In addition to the reprinted comics which I love, the book also has a great deal of extras. There’s a forward by Harris (whose style has completely changed since the 90s) about his first meeting with Robinson while on a kind of press tour that’s really interesting and a nice look into the world of comic book collaboration. The back of the book has a series of journal entries by the Shade that I didn’t read through, a look at many of DC Direct’s Starman-related products (I want to get my hands on that Tim Bruckner statue) and then Robinson’s ongoing Time’s Past series of afterwards which include a story by story rundown of where he was coming from, what inspired him and/or what he was trying to accomplish with that story. I would anxiously flip to the back after finishing a story to get some inside scoop on the creative process and then jump back to read the next story.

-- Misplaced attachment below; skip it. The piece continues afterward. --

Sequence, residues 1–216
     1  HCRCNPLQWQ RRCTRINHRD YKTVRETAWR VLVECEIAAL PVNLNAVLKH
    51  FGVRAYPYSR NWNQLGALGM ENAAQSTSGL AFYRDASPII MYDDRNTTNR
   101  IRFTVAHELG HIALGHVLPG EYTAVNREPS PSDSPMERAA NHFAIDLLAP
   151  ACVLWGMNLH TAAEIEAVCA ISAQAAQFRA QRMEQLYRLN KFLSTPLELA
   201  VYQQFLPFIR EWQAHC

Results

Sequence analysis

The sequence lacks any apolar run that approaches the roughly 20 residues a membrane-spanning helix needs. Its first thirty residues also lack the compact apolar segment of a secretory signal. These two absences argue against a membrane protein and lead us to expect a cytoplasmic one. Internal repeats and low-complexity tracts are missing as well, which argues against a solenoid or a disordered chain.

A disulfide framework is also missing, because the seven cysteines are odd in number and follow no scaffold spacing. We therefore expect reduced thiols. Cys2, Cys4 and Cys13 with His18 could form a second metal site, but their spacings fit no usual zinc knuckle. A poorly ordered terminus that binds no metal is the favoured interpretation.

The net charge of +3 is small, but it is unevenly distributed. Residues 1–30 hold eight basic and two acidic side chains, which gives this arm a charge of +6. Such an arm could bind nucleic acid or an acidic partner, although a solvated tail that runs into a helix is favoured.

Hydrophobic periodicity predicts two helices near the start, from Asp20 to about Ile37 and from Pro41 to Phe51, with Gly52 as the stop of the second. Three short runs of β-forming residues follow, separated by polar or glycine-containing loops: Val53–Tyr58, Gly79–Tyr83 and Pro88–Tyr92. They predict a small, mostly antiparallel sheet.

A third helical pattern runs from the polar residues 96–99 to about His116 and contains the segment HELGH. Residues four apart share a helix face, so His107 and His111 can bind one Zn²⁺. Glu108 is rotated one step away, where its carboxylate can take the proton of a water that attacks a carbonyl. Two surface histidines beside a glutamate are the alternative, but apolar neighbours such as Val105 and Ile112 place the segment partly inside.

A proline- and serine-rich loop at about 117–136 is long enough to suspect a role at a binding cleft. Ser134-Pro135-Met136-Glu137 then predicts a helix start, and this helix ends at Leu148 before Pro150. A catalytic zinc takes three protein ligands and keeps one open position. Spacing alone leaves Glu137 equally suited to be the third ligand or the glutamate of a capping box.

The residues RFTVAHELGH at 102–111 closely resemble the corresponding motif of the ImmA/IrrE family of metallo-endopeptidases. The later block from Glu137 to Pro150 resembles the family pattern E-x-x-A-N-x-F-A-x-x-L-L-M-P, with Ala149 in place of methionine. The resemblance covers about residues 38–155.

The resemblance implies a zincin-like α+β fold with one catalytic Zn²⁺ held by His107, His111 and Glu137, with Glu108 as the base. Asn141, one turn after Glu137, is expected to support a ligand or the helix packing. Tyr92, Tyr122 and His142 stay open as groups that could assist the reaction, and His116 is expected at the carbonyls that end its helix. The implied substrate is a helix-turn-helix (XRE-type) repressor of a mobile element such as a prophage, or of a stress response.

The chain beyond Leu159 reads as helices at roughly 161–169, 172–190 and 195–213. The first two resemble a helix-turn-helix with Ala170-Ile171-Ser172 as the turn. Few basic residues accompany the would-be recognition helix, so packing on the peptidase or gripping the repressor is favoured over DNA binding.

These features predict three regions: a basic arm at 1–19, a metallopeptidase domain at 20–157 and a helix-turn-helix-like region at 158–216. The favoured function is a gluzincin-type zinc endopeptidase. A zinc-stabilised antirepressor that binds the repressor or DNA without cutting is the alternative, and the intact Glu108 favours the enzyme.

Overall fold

It’s almost a little sad reading this book for a few reasons. First off, Robinson doesn’t seem to have been able to get back up to this high level of writing since, though I do appreciate him using Mikaal in Justice League, but that book’s got a mountain of problems well before Robinson came along. It’s also kind of sad to think that this comic probably wouldn’t get made today. At least not by DC or Marvel, though it is kind of funny that even Starman rolled out of a big event (in this case Zero Hour). Maybe I’m being pessimistic, but a book that’s so densely packed and featuring a cast that includes a hipster, an old man, a gay blue alien, a few Golden Age villains-turned good guys and a family of Irish cops doesn’t sound like the kind of thing the Big Two would sign off on now. You might say “Well, it could be an Image book,” which is true, but what makes Starman so special is that Robinson was able to carve out this little world for himself inside the greater DCU. He pulled from what else was going on around him, using new and established elements and wove them all together into this great thing that’s hard to really describe. Sure, it would have been cool as a book set in it’s own universe, but we wouldn’t have the Shade or the Scalphunter ties or the occasional visits with other heroes and, at least to this longtime comic book fan, that makes the book all the better.